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Cambridge Reproduction SRI

 

Reader in Demography, working with The Cambridge Group for the History of Population and Social Structure

Director of Studies, Churchill College

Historical demographer, working on fertility, mortality and health in the late nineteenth and early twentieth centuries.

Career

  • 1992-1995: Research Assistant at the Cambridge Group for the History of Population and Social Structure, University of Cambridge
  • 1995-1999: PhD University of Cambridge
  • 1999-2003: Research Fellow at St John's College, University of Cambridge
  • 2003-2014: Senior Research Associate, Cambridge Group for the History of Population and Social Structure, University of Cambridge
  • 2014-2018: Lecturer, Department of Geography, University of Cambridge
  • 2018- present: Senior Lecturer, Department of Geography, University of Cambridge

Qualifications

  • BA University of Oxford
  • MSc London School of Economics
  • PhD University of Cambridge

Research

My research has focussed on the social, economic, and environmental influences on infant, early child and maternal mortality, particularly over the course of the late nineteenth and early twentieth centuries. Using a wide variety of demographic, statistical and geographical techniques such as indirect demographic estimation, event history techniques, multivariate hazards modeling, logistic modeling and GIS analysis, I have made significant contributions to the understanding of the influences on mortality, the roles of health personnel and the creation and interpretation of data.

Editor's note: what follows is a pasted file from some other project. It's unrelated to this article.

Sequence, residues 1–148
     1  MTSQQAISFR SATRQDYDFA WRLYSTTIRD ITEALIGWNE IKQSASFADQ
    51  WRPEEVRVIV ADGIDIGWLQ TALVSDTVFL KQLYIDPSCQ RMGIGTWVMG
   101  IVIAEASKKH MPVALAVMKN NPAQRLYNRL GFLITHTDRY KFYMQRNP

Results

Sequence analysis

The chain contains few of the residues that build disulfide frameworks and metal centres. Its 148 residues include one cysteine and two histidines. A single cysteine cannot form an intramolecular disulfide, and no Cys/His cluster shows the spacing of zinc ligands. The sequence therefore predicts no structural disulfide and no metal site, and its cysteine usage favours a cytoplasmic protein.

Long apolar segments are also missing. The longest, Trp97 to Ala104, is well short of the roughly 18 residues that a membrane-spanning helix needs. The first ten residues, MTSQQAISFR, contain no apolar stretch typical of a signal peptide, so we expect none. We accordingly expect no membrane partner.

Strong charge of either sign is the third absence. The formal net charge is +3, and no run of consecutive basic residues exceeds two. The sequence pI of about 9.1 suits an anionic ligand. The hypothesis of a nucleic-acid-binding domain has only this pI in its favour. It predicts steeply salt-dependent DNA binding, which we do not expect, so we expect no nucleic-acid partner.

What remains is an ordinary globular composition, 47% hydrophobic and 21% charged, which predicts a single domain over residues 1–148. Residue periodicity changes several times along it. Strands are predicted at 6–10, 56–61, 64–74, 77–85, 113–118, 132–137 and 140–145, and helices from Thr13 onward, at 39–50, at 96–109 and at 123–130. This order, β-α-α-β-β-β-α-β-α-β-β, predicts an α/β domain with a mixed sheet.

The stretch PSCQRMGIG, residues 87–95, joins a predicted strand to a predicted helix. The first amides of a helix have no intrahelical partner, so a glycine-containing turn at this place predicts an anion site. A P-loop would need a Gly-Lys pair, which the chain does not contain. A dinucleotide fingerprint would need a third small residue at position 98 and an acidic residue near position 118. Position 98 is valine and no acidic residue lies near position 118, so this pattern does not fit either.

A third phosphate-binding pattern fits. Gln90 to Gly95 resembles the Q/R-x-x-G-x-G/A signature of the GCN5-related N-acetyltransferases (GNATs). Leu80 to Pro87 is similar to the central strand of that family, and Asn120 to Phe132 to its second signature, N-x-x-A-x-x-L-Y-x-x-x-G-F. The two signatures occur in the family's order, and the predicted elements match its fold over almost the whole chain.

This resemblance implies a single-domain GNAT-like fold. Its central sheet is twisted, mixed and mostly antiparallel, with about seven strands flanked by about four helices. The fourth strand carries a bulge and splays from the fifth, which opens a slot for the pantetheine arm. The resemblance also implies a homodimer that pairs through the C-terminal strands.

My current research project aims to create new measures of age-specific fertility for small areas and socio-economic groupings in the UK over the course of the late nineteenth and early twentieth century fertility decline. These will allow new insights into the social and spatial influences on changes in family building patterns and the mutation of behavioural norms.

Research questions

  • Hazards modelling of the influences on risks of infant and child mortality, including cause-specific mortality.